THE History of Eugenics at Puget Sound and Beyond

During the opening decades of the twentieth century, colleges across the United States taught courses on eugenics. At the University of Puget Sound (then known as the College of Puget Sound, or CPS), Biology professor James R. Slater taught a course on eugenics from 1920 to 1951. Driven by a range of anxieties and the belief that science was an important tool for social reform, eugenics inevitably entailed people making value judgements about individuals and groups. The eugenics movement in the United States was used to justify anti-immigration, involuntary sterilization, and anti-miscegenation laws.

Given Puget Sound’s natural history museum is named after James Slater, the following questions are being asked: Should we continue to commemorate someone who taught a subject now known to have been pervaded with classist, ableist and racist ideas that are in conflict with Puget Sound’s values? What is the threshold for renaming buildings and institutions as values and assumptions about the relationship between science and society change? How we can understand, assess and learn from the university’s past?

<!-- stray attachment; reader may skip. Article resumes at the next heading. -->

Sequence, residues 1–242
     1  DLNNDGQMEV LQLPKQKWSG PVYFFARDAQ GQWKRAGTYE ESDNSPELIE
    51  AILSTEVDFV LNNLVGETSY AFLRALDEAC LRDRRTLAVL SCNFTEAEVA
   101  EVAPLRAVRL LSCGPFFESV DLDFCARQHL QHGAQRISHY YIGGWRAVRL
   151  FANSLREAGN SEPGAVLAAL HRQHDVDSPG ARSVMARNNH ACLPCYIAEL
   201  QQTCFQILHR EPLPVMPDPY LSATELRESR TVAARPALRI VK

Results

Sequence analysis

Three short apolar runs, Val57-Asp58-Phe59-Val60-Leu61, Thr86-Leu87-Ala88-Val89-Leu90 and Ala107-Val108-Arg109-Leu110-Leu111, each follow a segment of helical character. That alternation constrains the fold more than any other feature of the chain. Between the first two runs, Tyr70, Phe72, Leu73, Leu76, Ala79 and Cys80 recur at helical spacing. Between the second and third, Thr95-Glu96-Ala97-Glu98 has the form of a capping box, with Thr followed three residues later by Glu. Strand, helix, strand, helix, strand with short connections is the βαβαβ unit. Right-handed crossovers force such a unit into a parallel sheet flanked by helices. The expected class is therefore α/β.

The Archive Exhibit and Talks on this site examine the following questions:

  • What were the social, political, and cultural contexts within which eugenics became so pervasive?

  • How did eugenics influence biology curricula and courses? What did Slater teach in the eugenics course and how do we know?

  • What are the legacies of the eugenics movement in the Pacific Northwest (including disability rights, criminal justice, attitudes toward marginalized individuals and groups, etc.)?

  • How, as an institution and as individuals, can we best wrestle with and learn from this history?

SPECIAL ANNOUNCEMENT: Puget Sound's Science Magazine ELEMENTS devoted their Spring 2020 Issue to the History of Eugenics. Take a look HERE!


This Website was created after a symposium on “The History of Eugenics at Puget Sound and Beyond” scheduled for March 28, 2020 had to be cancelled due to the coronavirus pandemic. The following contributed funds and support to the symposium, and then this website. Thank you!